I like to think that I always have time for a brew – a tea, coffee, whatever’s going. Either taking some time for a chat with a friend, family, stranger or just chatting to myself.
I made a few sketches whilst on a recent field trip to the Burrell Collection, in Glasgow (part of my Professional Development year with Paintbox School of Art) and smiled when I reflected on some of the subjects that had caught my eye, especially since the building is a work of art and there are hundreds of outstanding artifacts.
This hand-sized Kyathos cup with its elongated handle reaches back 2,500 years. I love the imagery of the winged horse and the all-seeing eye that decorate the outside. This beautiful, useful object has survived millenia to connect me with someone in ancient Greece who also enjoyed a beverage.
What caught my sketching eye next was this soft leather gauntlet, showing the creases and folds of the hand that once worked with falcons.
The upper part of the glove was meticulously hand-embroidered with brambles and mistletoe – symbolising healing and life.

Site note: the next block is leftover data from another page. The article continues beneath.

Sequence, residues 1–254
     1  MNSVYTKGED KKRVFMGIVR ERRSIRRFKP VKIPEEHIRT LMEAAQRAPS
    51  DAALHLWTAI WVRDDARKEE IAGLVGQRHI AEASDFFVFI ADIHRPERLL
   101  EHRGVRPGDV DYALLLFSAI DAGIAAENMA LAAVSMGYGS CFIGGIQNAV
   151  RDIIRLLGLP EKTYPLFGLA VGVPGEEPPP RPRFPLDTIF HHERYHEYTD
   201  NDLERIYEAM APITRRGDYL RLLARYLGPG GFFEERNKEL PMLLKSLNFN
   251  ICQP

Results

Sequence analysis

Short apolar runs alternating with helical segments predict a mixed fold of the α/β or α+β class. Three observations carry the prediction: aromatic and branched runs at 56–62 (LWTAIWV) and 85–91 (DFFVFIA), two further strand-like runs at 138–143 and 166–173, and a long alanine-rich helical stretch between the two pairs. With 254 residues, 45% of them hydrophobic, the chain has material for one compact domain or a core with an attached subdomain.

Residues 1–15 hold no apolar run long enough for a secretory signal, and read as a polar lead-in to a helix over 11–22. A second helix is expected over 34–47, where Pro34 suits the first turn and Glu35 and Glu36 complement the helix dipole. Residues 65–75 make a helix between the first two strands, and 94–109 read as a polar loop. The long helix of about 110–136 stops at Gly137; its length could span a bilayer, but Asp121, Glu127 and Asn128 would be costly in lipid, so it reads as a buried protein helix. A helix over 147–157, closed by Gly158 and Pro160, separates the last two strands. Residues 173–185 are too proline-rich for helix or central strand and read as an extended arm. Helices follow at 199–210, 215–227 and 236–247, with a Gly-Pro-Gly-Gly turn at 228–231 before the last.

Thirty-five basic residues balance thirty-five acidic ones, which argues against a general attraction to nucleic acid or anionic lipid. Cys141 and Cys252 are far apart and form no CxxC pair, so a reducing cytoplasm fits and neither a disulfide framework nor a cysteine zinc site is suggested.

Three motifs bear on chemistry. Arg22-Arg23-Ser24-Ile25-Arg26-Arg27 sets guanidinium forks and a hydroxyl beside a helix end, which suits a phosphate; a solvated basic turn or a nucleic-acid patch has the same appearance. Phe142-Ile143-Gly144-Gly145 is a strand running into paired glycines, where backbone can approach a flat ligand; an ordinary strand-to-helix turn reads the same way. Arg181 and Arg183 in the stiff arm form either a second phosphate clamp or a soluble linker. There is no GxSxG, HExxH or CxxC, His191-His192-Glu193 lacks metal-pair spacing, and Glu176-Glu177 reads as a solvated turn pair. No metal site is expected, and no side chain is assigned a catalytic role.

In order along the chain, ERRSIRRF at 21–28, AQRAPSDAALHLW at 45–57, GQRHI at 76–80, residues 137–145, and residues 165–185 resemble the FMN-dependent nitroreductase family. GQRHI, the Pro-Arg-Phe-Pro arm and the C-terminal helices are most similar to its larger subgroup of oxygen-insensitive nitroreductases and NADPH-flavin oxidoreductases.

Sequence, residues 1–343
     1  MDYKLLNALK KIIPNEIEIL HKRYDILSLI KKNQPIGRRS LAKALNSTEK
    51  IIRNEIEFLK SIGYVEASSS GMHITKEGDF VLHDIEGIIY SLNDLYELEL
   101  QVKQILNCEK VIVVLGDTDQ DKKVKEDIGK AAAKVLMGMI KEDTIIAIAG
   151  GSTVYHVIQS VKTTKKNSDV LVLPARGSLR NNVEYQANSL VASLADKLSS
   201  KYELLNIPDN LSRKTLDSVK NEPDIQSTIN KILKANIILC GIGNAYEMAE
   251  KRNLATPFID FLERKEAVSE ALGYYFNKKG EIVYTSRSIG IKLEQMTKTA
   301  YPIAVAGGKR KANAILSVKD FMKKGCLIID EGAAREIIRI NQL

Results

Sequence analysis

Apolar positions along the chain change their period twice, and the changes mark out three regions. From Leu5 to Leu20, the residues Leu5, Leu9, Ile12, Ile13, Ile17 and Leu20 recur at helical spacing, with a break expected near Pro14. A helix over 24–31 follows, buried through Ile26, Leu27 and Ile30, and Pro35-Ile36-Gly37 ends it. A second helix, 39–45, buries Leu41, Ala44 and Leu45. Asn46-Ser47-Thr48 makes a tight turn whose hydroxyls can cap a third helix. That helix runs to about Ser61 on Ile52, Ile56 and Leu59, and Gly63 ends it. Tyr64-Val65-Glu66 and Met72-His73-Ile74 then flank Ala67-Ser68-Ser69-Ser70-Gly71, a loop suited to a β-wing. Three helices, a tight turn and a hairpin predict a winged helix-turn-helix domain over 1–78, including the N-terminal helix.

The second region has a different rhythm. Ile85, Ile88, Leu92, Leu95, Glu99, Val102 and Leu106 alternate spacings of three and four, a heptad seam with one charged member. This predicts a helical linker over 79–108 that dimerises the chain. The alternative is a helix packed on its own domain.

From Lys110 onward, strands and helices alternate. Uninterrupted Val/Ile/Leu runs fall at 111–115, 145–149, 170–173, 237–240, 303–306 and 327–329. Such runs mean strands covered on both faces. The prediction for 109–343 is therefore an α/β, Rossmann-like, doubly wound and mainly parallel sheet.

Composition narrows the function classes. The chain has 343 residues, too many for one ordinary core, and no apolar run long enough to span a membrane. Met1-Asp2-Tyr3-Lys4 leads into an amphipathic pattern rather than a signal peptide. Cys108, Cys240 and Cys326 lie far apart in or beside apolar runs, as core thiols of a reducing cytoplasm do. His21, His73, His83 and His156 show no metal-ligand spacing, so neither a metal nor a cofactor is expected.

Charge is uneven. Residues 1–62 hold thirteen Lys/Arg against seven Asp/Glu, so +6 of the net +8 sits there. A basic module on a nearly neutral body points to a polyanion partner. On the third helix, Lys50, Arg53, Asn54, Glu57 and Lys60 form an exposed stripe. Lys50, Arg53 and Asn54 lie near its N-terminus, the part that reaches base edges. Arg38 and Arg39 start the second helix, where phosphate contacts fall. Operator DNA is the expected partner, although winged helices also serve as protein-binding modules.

Here we are back on the beverage theme again and this Worcester porcelain teapot, tea bowl and saucer from c1750-8.
A well-placed bench helped me to decide on my next subject. Numerous historic architectural features are built into the fabric of the gallery walls or placed as part of the overall display. This limestone French window built between 1440-1550 is one of a pair facing opposite each other.
I’m going to have to return to the Burrell as this contains a feast of art that should be savoured.
I paused for a moment in front of this one….
Edmond Duranty, deep in thought, painted by Edgar Degas – you can see the painting here. A brief extract from this link descibes:
‘Edmond Duranty (1833-80) was a close friend of Degas. The two men probably met in 1865 at the Café Guerbois, where Manet was another regular. ….. He (Duranty) also wrote reviews of the Salon and articles on a wide variety of art matters. Manet so strongly objected to one of Duranty’s reviews that he challenged the writer to a duel – fortunately both men survived.‘
At least it looks like Duranty gave considerable thought to whatever it was that he wrote!
As always, thanks for reading and for any Stokies reading, some beatiful ancient pottery just for you!